We describe a method, termed reverse chromosome painting, which allows the rapid analysis of the content and breakpoints of aberrant chromosomes. The method involves the sorting of small numbers of the aberrant chromosome from short term blood culture preparations or cell lines by using bivariate flow karyotype analysis. The sorted chromosomes are amplified and biotin labelled enzymatically using a degenerate oligonucleotide-primed polymerase chain reaction (DOP-PCR), the product annealed to metaphase spreads from normal subjects, and hybridisation detected using fluorescence in situ hybridisation (FISH). We show the usefulness of this method for routine clinical cytogenetics by the analysis of cases involving an insertion, a deletion, a translocation, and two cases of a chromosome with additional material of unknown origin. The method has particular application for the rapid resolution of the origin of de novo unbalanced chromosome duplications.
We have previously described a fluorescence in situ hybridisation (FISH) assay for the simultaneous analysis of all human subtelomeric regions using a single microscope slide. Here we report the use of this multiprobe FISH assay in the study of a patient whose karyotype was reported by G banding analysis as 46,XX,del(18)(p11.2). Although the proband had some features suggestive of a chromosomal abnormality, relatively few of the specific features of del(18p) were present. She was a 37 year old female with mild distal spinal muscular atrophy (SMA), arthritis of the hands, an abnormal chest shape (pectus excavatum), and an unusual skin condition (keratosis pilaris). Reverse chromosome painting with degenerate oligonucleotide primer-polymerase chain reaction (DOP-PCR) amplified del(18p) chromosomes as a probe confirmed the abnormality as del(18p), with no evidence of any other chromosome involvement. Subsequently, the multiprobe FISH assay confirmed deletion of 18p subtelomeric sequence. However, the assay also showed that sequences corresponding to the 2p subtelomeric probe were present on the tip of the shortened 18p. The patient is therefore monosomic for 18p11.2-pter and trisomic for 2p25-pter, and the revised karyotype is 46,XX,der(18)t(2;18)(p25; p11.2). We believe that a proportion of all cases reported as telomeric deletions may be cryptic translocations involving other chromosome subtelomeric regions. Further studies such as this are necessary to define accurately the clinical characteristics associated with pure monosomy in chromosomal deletion syndromes.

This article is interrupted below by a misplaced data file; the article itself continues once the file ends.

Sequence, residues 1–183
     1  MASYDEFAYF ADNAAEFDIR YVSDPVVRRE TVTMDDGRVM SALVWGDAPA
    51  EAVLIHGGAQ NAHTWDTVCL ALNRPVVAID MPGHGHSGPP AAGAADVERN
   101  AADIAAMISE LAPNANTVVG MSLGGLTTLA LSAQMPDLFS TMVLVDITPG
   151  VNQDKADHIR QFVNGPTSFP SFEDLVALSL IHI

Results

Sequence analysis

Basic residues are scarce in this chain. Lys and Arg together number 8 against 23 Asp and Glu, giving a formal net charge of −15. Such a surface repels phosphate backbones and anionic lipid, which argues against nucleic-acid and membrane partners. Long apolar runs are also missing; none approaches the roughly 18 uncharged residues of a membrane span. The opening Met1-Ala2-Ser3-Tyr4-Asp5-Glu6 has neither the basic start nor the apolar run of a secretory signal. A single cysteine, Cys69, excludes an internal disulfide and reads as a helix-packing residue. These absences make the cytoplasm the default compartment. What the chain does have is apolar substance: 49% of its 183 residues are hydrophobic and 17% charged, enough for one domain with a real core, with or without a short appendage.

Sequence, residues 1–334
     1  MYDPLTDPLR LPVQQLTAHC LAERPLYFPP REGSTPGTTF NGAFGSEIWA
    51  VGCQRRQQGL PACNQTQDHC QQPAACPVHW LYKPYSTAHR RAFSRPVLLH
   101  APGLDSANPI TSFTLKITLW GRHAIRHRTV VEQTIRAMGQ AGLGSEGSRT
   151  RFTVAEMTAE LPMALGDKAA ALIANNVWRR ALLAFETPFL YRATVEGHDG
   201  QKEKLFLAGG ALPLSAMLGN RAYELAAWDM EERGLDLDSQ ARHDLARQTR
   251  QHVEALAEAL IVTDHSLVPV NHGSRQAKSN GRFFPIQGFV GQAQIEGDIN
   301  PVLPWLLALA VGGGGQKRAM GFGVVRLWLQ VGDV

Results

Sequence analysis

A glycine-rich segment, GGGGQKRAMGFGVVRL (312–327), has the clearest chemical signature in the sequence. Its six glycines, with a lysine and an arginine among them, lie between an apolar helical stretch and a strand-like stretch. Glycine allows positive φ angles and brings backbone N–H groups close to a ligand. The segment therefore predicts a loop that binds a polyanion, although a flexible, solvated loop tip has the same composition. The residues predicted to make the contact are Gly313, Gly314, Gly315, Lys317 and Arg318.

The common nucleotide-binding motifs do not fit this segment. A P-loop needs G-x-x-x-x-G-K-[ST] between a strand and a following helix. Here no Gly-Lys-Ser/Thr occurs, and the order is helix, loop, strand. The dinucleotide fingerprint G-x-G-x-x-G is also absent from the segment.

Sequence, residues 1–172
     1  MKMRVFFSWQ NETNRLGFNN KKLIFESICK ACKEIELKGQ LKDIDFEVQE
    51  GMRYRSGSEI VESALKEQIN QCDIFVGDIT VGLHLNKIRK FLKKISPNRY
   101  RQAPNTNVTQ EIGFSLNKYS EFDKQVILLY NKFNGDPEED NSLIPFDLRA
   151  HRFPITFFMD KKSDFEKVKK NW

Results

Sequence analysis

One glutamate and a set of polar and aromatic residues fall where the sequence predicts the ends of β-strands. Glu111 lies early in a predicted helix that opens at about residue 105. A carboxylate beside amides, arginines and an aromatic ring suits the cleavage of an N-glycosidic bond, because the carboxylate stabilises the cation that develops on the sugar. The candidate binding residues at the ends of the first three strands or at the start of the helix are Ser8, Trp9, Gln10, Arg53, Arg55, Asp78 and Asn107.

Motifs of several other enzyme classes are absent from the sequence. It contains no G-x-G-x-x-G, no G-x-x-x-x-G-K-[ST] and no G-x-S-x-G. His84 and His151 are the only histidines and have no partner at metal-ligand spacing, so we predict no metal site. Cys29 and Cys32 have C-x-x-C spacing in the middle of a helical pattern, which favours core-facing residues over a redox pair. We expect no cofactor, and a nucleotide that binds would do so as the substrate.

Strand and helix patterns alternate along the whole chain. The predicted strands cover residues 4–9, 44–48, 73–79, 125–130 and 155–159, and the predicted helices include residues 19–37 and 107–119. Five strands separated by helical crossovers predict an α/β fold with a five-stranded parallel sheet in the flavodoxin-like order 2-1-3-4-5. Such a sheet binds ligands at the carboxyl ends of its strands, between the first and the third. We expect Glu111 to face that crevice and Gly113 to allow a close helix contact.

Chromosome specific comparative genome hybridisation (CGH) is a novel approach for the detection of cytogenetic abnormalities. It combines flow sorting of chromosomes, degenerate oligonucleotide primed (DOP)-PCR and a modified comparative genome hybridisation (CGH) technique to define the site and extent of intrachromosomal duplications. Chromosome specific paint probes for aberrant chromosomes and their normal homologues from four subjects with unbalanced duplications within chromosomes 2p11-15, 3q25-26, 5q34-qter, and 12q23-24.2 were made. They were then cohybridised on normal metaphase spreads and the ratio of their relative intensities of hybridisation analysed. The results were compared to those of similar experiments where regular CGH was performed on the same four patients. We provide evidence that this method can detect duplications and deficiencies which might be missed by conventional CGH, as the ratio of hybridisation of abnormal/normal DNA is 2:1 rather than 3:2. It is the method of choice where mosaicism is present or where only one of several homologous chromosomes is duplicated. Furthermore, it suggests that DOP-PCR amplifies all or most of the euchromatic regions of the genome equally.
Background/Aim—The pathogenetic relation between liver cell dysplasia and hepatocellular carcinoma (HCC) is poorly understood. The aim of this study was to determine whether there is a genetic link between liver cell dysplasia and HCC that could support the role of dysplasia as a tumour precursor lesion.
Methods—Microdissection from paraffin wax embedded sections and degenerate oligonucleotide primed polymerase chain reaction (DOP-PCR) were combined to analyse chromosomal imbalances by comparative genomic hybridisation (CGH) in nine HCCs and nodules containing liver cell dysplasia and cirrhosis adjacent to the tumours. Seven cases of large cell changes (LCC) and three cases of small cell changes (SCC) were analysed. The genetic abnormalities detected in liver cell dysplasia were then compared with those present in the corresponding HCC.
Results—No abnormalities were detected in LCC and cirrhotic nodules, arguing against the preneoplasic nature of these cell foci. In contrast, a subset of chromosomal alterations present in HCCs was found in the adjacent SCC.
Conclusions—These findings support the preneoplastic status of SCC in human hepatocarcinogenesis.
comparative genomic hybridisation; hepatocellular carcinoma; liver cell dysplasia
Whole genome amplification methods are a recently developed tool for amplifying DNA from limited template. We report its application in trypanosome infections, characterised by low parasitaemias. Multiple Displacement Amplification (MDA) amplifies DNA with a simple in vitro step, and was evaluated on mouse blood samples on FTA filter cards with known numbers of Trypanosoma brucei parasites. The data showed a twenty-fold increase in the number of PCRs possible per sample, using primers diagnostic for the multi-copy ribosomal ITS region or 177 bp repeats, and a twenty-fold increase in sensitivity over nested PCR against a single copy microsatellite. Using MDA for microsatellite genotyping caused allele dropout at low DNA concentrations, which was overcome by pooling multiple MDA reactions. The validity of using MDA was established with samples from Human African Trypanosomiasis patients. The use of MDA allows maximal use of finite DNA samples and may prove a valuable tool in studies where multiple reactions are necessary, such as population genetic analyses.